Peers anticipate some ping-pong as ‘Christmas tree’ bill returns to the Commons
The House of Lords has passed the Digital Economy Bill – Photo credit: PA
The Digital Economy Bill has this week passed its third reading in the House of Lords, and has returned to the House of Commons for MPs to consider the amendments made by peers.
The legislation is often described as a “Christmas tree bill” because of the breadth of areas it spans This includes electronic communications and broadband speeds, restrictions on access to online pornography and provisions to increase data-sharing in the public sector.
Speaking in the Lords on 5 April, Liberal Democrat peer Timothy Clement-Jones said it was a “disparate bill covering a huge range of issues most of which are unified only by the word digital’” and that it had been “quite a challenge” for the peers scrutinising the bill.
He added that, although “we certainly have not achieved everything that we wanted”, the bill was leaving the upper chamber “in much better shape” than it arrived.
The bill has come under attack from privacy campaigners, who have said that the wording risks giving the government the power to broaden the scope of data-sharing without proper accountability.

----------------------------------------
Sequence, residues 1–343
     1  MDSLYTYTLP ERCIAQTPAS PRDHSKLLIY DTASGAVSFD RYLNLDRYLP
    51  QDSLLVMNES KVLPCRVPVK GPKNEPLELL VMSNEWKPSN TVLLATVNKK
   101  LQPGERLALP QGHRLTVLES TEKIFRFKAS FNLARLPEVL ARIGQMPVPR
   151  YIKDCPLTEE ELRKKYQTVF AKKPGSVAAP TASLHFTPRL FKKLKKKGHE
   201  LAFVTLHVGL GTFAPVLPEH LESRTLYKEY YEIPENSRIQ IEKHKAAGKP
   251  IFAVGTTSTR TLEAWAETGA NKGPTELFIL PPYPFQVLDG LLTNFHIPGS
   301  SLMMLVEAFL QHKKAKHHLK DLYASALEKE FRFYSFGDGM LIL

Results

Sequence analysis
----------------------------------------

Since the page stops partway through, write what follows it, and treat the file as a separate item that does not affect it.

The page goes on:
The area of contention is that the bill aims to provide “a single gateway” for public authorities to share personal information for a “specified objective” and that this would be carried out by a “specified person”.
However, the definition of “specified persons” did not appear on the face of the bill, and was instead to be defined in regulations made by “the appropriate national authority”.
This also caused concern within the Lords, with the Delegated Powers Committee saying it gave ministers “almost untrammeled powers” to prescribe a list of public authorities as specified persons, and to prescribe “non-specific purposes for which the information may be disclosed and used, which need only meet the general conditions about improvement of public services”.
In response to the committee’s concerns, the government said it would “specify the list of persons on the face of the bill” – rather than in the codes of practice – and that the list of people and objectives for information sharing would be “narrowed” down from the draft list.
In total, the House of Lords has made some six amendments to the bill, which will now go to the House of Commons for MPs to consider – it is expected that some of these amendments, for instance on broadband speed, will be batted back to the peers.
“Of course, we anticipate ping-pong with great delight,” said Clement-Jones, but added that he hoped the government would give full consideration to the amendments.
Once MPs have considered the amendments, the bill will receive Royal Assent and become an act of law.